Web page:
Director Jonah Hill relives his 'Mid90s' youth [TIFF]

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"Mid90s" has Jonah Hill reliving his youth as writer-director of a skateboard coming of age drama that would fit quite perfectly with this year's other skateboarding flick "Skate Kitchen."

If the latter was a female perspective on adolescence, "Mid90s" is Hill's teenage male version. Focusing on the plight of 13-year-old Stevie (Sunny Suljic), tormented by his older brother (a surprisingly threatening performance by Lucas Hedges), and deciding to take a crack at hanging with the cool kids at a skateboarding store, Hill's debut shows real promise for the craft.

Clocking in at just 80 minutes, this debut should have trimmed the film's final twist and will surely be compared to Larry Clark's "Kids," but that would be unfair to the film's pleasures which come through with Hill's camera having a birds-eye-view approach on the surroundings.

Stevie befriends four skateboarders, all ranging between 13 and possibly 18 years of age. The interactions they have are mostly about what boys that age would usually talk about (girls, school, drugs, movies), but the dialogue feels bewilderingly natural. It's impressive to build and carry your film with dialogue that is delivered with such naturalism -- kudos to the actors, who all inhabit their roles with the kind of realism needed to make this kind of movie work.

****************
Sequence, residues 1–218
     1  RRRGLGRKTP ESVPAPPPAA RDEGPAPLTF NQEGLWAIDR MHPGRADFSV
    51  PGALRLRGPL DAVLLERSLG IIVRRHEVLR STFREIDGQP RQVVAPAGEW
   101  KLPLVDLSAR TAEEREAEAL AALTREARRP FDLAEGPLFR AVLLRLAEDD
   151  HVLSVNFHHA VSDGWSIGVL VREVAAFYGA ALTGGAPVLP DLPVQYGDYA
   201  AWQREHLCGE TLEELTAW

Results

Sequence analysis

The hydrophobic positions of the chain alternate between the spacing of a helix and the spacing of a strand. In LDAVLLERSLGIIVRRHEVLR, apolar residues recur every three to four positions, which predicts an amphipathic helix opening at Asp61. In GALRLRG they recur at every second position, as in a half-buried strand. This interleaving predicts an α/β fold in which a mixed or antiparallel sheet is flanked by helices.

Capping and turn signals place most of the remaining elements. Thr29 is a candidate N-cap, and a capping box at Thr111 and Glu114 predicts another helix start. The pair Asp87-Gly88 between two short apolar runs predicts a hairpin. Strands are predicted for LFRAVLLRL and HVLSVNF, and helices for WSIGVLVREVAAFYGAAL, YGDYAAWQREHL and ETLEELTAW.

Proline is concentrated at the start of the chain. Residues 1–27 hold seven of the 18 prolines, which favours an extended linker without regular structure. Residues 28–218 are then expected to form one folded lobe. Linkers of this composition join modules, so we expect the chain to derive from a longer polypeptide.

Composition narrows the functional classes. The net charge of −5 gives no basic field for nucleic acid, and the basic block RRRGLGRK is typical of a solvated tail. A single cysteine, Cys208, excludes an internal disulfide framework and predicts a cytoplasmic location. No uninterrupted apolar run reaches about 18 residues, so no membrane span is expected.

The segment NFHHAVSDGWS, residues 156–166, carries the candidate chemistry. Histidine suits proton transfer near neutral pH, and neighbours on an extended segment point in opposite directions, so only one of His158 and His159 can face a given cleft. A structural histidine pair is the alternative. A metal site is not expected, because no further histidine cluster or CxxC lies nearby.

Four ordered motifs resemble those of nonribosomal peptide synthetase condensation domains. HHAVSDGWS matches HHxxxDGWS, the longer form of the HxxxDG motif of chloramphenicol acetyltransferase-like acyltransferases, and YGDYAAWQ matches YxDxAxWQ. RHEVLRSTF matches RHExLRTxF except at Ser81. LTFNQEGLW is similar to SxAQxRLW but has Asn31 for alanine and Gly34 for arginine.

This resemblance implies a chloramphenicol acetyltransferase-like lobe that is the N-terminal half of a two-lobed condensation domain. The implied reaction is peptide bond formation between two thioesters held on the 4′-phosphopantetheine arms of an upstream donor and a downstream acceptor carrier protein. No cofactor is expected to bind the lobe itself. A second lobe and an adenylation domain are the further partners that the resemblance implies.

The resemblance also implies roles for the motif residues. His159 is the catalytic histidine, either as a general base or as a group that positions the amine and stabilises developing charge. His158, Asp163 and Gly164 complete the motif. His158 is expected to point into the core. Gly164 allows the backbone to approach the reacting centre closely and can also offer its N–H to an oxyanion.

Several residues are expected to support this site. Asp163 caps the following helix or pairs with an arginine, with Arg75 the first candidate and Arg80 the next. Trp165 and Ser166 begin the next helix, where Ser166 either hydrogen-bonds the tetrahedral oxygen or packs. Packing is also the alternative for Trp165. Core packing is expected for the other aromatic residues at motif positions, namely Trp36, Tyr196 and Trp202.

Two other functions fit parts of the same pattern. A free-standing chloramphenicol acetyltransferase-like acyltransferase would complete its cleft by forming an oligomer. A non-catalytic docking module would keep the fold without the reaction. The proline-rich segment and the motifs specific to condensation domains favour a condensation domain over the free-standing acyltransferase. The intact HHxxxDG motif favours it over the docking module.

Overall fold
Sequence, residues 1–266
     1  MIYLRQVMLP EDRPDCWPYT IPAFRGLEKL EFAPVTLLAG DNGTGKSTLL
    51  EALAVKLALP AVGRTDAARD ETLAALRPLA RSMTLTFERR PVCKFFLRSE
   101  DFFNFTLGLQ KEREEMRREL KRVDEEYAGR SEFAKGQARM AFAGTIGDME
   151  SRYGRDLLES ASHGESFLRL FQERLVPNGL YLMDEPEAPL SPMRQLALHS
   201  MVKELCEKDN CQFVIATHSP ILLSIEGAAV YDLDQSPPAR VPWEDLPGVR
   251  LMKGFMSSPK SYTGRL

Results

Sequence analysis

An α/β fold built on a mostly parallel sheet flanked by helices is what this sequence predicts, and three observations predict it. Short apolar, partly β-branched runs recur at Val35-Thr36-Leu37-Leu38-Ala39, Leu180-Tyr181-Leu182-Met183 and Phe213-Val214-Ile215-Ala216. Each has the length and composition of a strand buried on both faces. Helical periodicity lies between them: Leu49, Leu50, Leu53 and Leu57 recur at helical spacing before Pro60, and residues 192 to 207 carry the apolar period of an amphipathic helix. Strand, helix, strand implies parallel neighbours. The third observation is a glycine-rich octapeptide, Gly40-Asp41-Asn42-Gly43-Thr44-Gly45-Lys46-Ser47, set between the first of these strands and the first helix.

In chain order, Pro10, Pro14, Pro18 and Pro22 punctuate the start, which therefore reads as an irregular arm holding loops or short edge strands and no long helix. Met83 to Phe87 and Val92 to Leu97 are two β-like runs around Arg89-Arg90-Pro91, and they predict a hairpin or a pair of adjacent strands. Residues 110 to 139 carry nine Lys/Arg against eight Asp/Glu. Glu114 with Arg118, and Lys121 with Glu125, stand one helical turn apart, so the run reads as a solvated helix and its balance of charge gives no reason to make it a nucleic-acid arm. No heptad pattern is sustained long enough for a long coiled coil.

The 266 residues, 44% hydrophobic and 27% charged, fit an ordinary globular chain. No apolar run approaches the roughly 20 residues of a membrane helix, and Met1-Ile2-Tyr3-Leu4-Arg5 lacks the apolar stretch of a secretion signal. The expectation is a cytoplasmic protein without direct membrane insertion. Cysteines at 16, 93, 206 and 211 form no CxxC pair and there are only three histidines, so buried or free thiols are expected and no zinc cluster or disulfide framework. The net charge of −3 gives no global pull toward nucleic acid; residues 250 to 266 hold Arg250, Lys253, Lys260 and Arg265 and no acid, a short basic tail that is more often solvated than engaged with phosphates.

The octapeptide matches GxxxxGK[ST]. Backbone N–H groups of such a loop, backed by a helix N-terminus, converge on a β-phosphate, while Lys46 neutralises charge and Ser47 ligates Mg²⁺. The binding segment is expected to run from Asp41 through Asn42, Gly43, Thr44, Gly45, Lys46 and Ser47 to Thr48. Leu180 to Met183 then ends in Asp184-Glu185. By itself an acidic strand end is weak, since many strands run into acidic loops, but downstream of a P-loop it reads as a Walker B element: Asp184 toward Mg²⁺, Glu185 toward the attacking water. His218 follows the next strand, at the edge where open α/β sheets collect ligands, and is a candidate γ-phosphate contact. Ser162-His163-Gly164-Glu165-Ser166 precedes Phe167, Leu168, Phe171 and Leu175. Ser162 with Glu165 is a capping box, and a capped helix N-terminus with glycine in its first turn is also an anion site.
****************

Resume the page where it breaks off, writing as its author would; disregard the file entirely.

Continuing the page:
Hill has said that he spoke to Martin Scorsese about the craft for four hours straight, garnering no doubt valuable advice to make this film. Despite an unsatisfying finale, no doubt pushed by executive producer/Hollywood magnate Scott Rudin, this is a film that proves Hill has got the stuff to last behind the camera. [B]